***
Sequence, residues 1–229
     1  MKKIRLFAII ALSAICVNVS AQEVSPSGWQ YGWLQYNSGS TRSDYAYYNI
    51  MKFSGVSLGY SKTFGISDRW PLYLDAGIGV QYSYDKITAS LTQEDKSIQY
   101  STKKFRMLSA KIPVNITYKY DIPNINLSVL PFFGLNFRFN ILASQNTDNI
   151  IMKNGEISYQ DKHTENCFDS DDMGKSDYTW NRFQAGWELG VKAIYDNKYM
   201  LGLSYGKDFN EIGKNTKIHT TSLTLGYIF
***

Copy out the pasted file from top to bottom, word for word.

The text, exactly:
Sequence, residues 1–229
     1  MKKIRLFAII ALSAICVNVS AQEVSPSGWQ YGWLQYNSGS TRSDYAYYNI
    51  MKFSGVSLGY SKTFGISDRW PLYLDAGIGV QYSYDKITAS LTQEDKSIQY
   101  STKKFRMLSA KIPVNITYKY DIPNINLSVL PFFGLNFRFN ILASQNTDNI
   151  IMKNGEISYQ DKHTENCFDS DDMGKSDYTW NRFQAGWELG VKAIYDNKYM
   201  LGLSYGKDFN EIGKNTKIHT TSLTLGYIF